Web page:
A few Saturdays ago, we featured Australian artist Meredith Turnbull's incredible, powder-coated brass jewelry, but today we wanted to turn your attention to her equally terrific art practice. Navigating her website, we became intrigued by images of totemic metallic structures that were nevertheless labeled as photography. We asked Turnbull herself to clarify: "My practice as an artist has really been shaped by my training: first studying photography, then doing a degree in Art History, then later a degree in Fine Art specializing in gold and silversmithing. This affected the way I work and made me very interested in ideas in and around discipline, functionality, art and design history, and of course context! I'm preoccupied with theories and ideas about purposeful objects and their relationship to people as well as new contexts for those ideas. So I make objects across a variety of scales. Sometimes I photograph these but only exhibit the photograph; sometimes I show small objects alongside larger installation work. I'm always trying to work with scale and the context in which I'm exhibiting."
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Tom Dixon’s New Mass Coat and Book Stands

Tom Dixon has long been considered a master of metal (thanks, famously, to an early motorcycle accident requiring extensive bike repairs for which he learned, then fell in love with, welding). So we weren't the least bit surprised when we received a press release this morning revealing the London designer's newest wares — set to be released in two weeks at the Milan Furniture Fair — that contained a veritable smorgasbord of copper, cast-iron, brass, and shiny stainless steel, with a small contingent of nickel-plated aluminum tables that pair the faceting of a cut gem with the roughed-up surface of a silver ingot. There was one thing that really stood out for us, though: two minimalist brass sculptures, each an imposing 6.5 feet tall, one for holding books and the other for hanging coats. They're so different from anything we've seen Dixon show lately that they almost beg the question as to what new wunderkind he's brought on staff, but either way, they're a win. Someone with good taste, a huge budget, and high ceilings is about to make us very jealous.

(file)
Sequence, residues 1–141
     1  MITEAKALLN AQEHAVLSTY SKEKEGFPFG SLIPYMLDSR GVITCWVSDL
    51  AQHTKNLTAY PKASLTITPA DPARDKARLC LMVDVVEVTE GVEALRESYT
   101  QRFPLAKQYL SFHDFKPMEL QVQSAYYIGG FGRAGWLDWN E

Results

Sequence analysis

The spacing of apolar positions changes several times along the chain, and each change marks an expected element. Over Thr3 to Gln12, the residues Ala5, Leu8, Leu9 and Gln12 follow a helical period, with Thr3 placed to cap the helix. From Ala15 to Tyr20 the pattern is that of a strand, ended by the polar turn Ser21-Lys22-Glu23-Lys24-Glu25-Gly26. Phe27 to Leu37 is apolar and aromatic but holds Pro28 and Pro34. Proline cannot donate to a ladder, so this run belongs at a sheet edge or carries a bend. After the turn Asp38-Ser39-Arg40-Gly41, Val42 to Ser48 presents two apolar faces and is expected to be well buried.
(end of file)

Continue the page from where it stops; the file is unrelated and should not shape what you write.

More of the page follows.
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Gemma Holt, designer

Gemma Holt is one of those designers who seems to be both everywhere and nowhere at once. If you’re organizing a group exhibition heavy on young designers or putting together a collection of talents for an expertly curated new shop, chances are she's on your list: The RCA-trained, London-based designer’s work often has conceptually rigorous thinking behind it, but her forms are usually quite simple and her jewelry pieces are the sort of elegantly crafted bits that tend to fly off the shelves. If you’re the average Pinterest-happy design-lover, however, you might not know a whit about her, considering there’s maddeningly little written about Holt on the web. It’s possible she keeps a purposefully low profile; after all, she’s worked for years for one of the biggest names in furniture design (Martino Gamper). But today the secret’s out: We’re taking it upon ourselves to introduce you both to Holt herself and to three of her incredible pieces, which we’ve recently launched in the shop. (Above: O&D bangles, $380)
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Assembly, Furniture Designers

Even for struggling post-grads, the constraints under which Pete Oyler and Nora Mattingly of the fledgling design studio Assembly created their debut furniture collection would be considered rather limiting. The couple — he a Kentucky-born RISD furniture grad, she a Pratt-educated interior design major — were living in a cramped apartment in Bedford-Stuyvesant with a third roommate, sharing a studio space in even farther-out Brooklyn, and commuting nearly four hours to a woodworking shop in Westhampton, Massachusetts, where Oyler had apprenticed for two years before grad school. But rather than chafing against such strictures of space, the two worked with them, creating pieces that were easily transportable and could be effortlessly placed in any small space: side chairs with smaller-than-usual footprints, glass-and-blackened-steel lamps with hand-blown shades hardly bigger than the bulb, even a stripped-down toilet paper–holder that doesn’t consist of much more than a brass cylinder that mounts directly into the wall.